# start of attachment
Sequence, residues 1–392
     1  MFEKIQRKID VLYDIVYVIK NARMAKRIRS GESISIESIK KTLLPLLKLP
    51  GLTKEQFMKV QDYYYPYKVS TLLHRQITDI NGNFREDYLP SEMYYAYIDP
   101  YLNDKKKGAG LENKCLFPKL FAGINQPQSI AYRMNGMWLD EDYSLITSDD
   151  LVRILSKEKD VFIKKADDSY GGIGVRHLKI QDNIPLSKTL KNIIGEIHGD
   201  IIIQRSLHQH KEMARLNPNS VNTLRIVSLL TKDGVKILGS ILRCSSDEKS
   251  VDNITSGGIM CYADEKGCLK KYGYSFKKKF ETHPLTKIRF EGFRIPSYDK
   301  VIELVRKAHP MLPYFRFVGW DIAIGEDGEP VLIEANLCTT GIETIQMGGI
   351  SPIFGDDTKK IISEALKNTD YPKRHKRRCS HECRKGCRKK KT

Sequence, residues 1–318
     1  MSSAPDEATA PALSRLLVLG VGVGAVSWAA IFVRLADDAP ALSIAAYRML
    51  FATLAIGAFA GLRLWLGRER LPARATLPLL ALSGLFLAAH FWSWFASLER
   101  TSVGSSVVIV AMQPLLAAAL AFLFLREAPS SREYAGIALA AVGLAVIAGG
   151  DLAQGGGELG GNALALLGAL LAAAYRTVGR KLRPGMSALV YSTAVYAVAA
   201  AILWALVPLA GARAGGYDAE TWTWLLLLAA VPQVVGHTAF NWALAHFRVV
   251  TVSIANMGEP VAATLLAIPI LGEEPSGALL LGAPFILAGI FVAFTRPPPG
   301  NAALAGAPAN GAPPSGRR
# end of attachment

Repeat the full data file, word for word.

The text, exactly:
Sequence, residues 1–392
     1  MFEKIQRKID VLYDIVYVIK NARMAKRIRS GESISIESIK KTLLPLLKLP
    51  GLTKEQFMKV QDYYYPYKVS TLLHRQITDI NGNFREDYLP SEMYYAYIDP
   101  YLNDKKKGAG LENKCLFPKL FAGINQPQSI AYRMNGMWLD EDYSLITSDD
   151  LVRILSKEKD VFIKKADDSY GGIGVRHLKI QDNIPLSKTL KNIIGEIHGD
   201  IIIQRSLHQH KEMARLNPNS VNTLRIVSLL TKDGVKILGS ILRCSSDEKS
   251  VDNITSGGIM CYADEKGCLK KYGYSFKKKF ETHPLTKIRF EGFRIPSYDK
   301  VIELVRKAHP MLPYFRFVGW DIAIGEDGEP VLIEANLCTT GIETIQMGGI
   351  SPIFGDDTKK IISEALKNTD YPKRHKRRCS HECRKGCRKK KT

Sequence, residues 1–318
     1  MSSAPDEATA PALSRLLVLG VGVGAVSWAA IFVRLADDAP ALSIAAYRML
    51  FATLAIGAFA GLRLWLGRER LPARATLPLL ALSGLFLAAH FWSWFASLER
   101  TSVGSSVVIV AMQPLLAAAL AFLFLREAPS SREYAGIALA AVGLAVIAGG
   151  DLAQGGGELG GNALALLGAL LAAAYRTVGR KLRPGMSALV YSTAVYAVAA
   201  AILWALVPLA GARAGGYDAE TWTWLLLLAA VPQVVGHTAF NWALAHFRVV
   251  TVSIANMGEP VAATLLAIPI LGEEPSGALL LGAPFILAGI FVAFTRPPPG
   301  NAALAGAPAN GAPPSGRR